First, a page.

Best Residence Hall


Centennial Court B on Kent State’s main campus in April 2017. FILE.

Lexi Marco

Best of Kent 2019

Winner: Centennial Courts

Some Centennials have shared bathrooms and others are more private, but students never share a bathroom with more than three other residents. Unlike the other five courts, Centennial C allows those who are 21 and older to have alcohol in their dorms.

Built in 2002, the Centennials are one of the newest residence halls on campus. The residence halls are just a short walk to Eastway and the Student Center, and an even shorter walk to Prentice Cafe and Rosie’s, making it a prime spot for all of the food places offered on campus.

Centennial offers an array of amenities from study rooms located on almost every floor. Each private bathroom is cleaned weekly by a custodian on staff.

Second: Eastway

Eastway is home to more than 240 first-year students. Freshmen most likely find themselves living at any of the four halls within Eastway: Manchester, Allyn, Clark and Fletcher.

“I liked how I could just walk downstairs and grab food at Eastway whenever I got hungry,” one voter said.

Each of the four halls are just a staircase away from the Eastway Market and Deli, making grocery shopping convenient for students living in the building.

Although Eastway is considered co-ed, each hall is separated — one side for gals, another side for guys.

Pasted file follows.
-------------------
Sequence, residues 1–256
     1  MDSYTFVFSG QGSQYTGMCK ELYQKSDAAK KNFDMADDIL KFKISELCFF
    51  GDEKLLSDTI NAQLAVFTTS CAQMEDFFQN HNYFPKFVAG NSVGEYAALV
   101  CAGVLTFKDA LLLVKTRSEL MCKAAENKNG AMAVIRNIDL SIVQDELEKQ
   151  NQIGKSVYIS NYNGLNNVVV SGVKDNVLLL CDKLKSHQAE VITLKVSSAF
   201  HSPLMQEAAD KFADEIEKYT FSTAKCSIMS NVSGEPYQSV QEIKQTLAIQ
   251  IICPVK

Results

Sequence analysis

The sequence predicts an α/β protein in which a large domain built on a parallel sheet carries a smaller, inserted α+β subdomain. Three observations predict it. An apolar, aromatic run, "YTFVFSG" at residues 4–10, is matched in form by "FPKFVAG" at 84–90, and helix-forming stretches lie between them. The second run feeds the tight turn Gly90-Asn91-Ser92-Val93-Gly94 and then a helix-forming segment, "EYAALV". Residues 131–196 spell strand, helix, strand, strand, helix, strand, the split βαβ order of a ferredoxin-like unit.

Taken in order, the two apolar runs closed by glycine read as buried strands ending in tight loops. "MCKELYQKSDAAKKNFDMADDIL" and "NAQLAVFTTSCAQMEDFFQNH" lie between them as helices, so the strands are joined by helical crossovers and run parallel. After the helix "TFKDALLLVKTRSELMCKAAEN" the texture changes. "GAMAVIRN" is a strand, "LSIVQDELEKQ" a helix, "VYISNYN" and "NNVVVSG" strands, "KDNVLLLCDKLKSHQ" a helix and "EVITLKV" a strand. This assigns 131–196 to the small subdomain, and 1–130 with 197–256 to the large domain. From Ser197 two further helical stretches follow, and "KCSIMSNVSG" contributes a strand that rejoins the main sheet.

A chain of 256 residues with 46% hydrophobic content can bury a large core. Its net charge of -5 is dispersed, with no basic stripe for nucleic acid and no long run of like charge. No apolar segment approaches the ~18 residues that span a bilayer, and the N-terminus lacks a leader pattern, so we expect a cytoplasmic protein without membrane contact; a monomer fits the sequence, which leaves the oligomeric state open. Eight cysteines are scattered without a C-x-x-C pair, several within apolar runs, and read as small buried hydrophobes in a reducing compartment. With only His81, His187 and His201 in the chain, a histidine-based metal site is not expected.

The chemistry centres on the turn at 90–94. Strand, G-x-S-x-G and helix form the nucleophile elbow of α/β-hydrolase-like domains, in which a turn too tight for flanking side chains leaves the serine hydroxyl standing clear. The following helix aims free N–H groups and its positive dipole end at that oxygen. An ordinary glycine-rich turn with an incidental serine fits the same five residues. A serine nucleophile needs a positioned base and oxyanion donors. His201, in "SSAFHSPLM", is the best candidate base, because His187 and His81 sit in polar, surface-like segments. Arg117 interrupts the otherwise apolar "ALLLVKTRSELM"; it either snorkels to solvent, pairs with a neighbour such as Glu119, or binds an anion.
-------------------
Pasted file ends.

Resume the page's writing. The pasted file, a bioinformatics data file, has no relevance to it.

Third: Tri-Towers and Stopper-Johnson (TIE)

Koonce, Leebrick, Korb and Wright Hall make up Tri-Towers, located in between Centennial Courts and Eastway. Apparently, choosing a residence hall was tough for our voters, as both Tri-Towers and Stopher-Johnson tied for third place.

Tri-Towers houses over 500 first-year and upper-class students and is home to a few different living-learning communities. 

Just like Eastway, those living in Tri-Towers are able to head downstairs to a dining hall located right in their own building.

Johnson and Stopher Hall are both part of “the Quad” of residence halls in the center of campus. However, these two buildings are home to strictly honors students.

Johnson Hall was originally built in 1956 and Stopher in 1949, but both were demolished and re-opened in 2006.

Johnson and Stopher “feature study and social lounges, fireplaces, common areas, laundry and kitchen facilities,” according to Kent State’s “housing” website.

For students, these residence halls are in a prime location to walk to class. Starbucks and Bent Tree are also close by, making it easier for students to get their caffeine fix.